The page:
Anxiety Home > Research on PTSD
Current research on PTSD (post-traumatic stress disorder) focuses on the effects of previous trauma and brain anatomy and function in the development of the condition. Other studies are examining the role of hormones and neurotransmitters, which are involved in memories of emotionally charged events. Ongoing research may someday lead to the discovery of drugs or psychosocial treatments that could block the development of symptoms.
Research is continuing to reveal factors that may lead to the development of post-traumatic stress disorder (PTSD). Areas of PTSD research include:
- The effects of previous traumatic events
- Brain anatomy and function
- Hormones and neurotransmitters.
People who have been abused as children or who have had other previous traumatic experiences are more likely to develop PTSD.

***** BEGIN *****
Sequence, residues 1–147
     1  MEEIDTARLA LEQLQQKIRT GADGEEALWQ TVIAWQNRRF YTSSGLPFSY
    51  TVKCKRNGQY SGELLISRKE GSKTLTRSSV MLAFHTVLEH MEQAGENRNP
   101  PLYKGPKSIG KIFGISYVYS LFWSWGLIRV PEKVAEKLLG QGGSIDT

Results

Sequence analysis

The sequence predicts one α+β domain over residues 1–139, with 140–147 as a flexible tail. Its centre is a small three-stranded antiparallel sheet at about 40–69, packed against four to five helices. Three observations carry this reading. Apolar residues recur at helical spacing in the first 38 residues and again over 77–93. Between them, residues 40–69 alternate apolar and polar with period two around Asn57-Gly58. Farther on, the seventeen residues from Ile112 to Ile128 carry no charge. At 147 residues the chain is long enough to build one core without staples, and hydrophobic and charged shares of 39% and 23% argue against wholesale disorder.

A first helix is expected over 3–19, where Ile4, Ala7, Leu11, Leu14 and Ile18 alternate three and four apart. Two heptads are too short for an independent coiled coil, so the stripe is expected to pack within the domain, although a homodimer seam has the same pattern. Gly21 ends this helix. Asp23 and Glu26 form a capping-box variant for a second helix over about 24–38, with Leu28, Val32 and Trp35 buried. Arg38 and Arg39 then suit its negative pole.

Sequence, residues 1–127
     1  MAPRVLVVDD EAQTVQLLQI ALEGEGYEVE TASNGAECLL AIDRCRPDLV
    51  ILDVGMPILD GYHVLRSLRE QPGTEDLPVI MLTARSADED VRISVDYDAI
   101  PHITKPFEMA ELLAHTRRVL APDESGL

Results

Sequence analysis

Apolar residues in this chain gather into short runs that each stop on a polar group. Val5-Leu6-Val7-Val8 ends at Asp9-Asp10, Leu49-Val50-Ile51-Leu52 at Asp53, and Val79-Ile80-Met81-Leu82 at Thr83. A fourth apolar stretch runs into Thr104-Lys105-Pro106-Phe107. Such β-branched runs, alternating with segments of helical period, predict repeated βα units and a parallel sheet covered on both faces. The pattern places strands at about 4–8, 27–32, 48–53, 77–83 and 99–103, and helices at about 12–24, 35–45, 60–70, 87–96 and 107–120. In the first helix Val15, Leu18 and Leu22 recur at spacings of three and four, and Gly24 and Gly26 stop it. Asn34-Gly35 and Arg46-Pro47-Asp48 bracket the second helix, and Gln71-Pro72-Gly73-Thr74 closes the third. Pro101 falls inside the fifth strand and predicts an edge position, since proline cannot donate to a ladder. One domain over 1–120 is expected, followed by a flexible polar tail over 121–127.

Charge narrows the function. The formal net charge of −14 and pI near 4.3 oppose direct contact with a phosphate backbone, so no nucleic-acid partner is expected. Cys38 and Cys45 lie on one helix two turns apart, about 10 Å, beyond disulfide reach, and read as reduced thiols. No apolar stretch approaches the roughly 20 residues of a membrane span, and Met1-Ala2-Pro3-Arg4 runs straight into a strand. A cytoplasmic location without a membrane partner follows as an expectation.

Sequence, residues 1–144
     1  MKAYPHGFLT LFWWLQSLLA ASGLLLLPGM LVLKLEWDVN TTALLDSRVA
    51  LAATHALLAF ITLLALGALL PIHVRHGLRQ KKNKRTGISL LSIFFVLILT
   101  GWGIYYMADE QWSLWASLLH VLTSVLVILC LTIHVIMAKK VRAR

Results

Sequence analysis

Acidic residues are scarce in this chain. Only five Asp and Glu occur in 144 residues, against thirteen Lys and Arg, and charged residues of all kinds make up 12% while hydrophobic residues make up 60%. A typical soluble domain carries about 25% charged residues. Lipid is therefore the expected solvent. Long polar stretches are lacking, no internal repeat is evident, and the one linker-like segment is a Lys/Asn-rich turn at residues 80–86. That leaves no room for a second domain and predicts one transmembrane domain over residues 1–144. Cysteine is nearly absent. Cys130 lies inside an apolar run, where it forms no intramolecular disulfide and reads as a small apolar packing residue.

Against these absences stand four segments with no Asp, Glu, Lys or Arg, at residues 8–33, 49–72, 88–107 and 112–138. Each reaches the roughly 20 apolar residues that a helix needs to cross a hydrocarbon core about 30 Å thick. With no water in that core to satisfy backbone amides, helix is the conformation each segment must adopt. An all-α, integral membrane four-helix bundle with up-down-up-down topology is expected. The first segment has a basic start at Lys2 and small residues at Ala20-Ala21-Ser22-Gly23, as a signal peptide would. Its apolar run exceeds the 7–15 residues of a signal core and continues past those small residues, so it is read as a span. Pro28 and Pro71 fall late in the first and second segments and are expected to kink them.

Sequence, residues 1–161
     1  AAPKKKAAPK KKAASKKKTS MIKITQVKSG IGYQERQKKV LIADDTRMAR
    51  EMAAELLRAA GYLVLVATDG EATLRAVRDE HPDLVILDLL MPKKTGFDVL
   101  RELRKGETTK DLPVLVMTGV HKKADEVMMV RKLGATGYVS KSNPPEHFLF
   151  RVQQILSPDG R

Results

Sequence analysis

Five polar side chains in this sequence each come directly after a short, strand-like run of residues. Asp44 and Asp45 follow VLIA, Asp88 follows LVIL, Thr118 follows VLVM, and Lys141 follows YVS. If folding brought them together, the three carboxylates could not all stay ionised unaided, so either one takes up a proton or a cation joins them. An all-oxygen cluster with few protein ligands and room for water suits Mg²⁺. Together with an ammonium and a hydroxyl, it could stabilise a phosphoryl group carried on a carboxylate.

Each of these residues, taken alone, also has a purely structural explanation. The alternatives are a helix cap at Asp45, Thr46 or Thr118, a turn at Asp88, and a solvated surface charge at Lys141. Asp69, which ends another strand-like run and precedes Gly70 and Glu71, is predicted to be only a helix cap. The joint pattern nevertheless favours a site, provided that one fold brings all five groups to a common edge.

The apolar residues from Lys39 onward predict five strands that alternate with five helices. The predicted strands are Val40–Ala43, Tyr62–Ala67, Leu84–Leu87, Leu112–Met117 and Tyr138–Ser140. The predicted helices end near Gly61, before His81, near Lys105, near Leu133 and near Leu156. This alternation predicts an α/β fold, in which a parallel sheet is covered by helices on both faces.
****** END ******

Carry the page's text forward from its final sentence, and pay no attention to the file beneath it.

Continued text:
It was previously believed that people who tended to be emotionally numb after a trauma were showing a healthy response; but now, some researchers suspect that people who experience this emotional distancing may be more prone to PTSD.
Studies in animals and humans have focused on pinpointing the specific areas of the brain and circuits involved in anxiety and fear, which are important for understanding anxiety disorders such as PTSD.
Fear, an emotion that evolved to deal with danger, causes an automatic, rapid protective response in many systems of the body. It has been found that the fear response is coordinated by a small structure deep inside the brain, called the amygdala. The amygdala, although relatively small, is a highly complicated structure, and recent research suggests that different anxiety disorders may be associated with abnormal activation of the amygdala.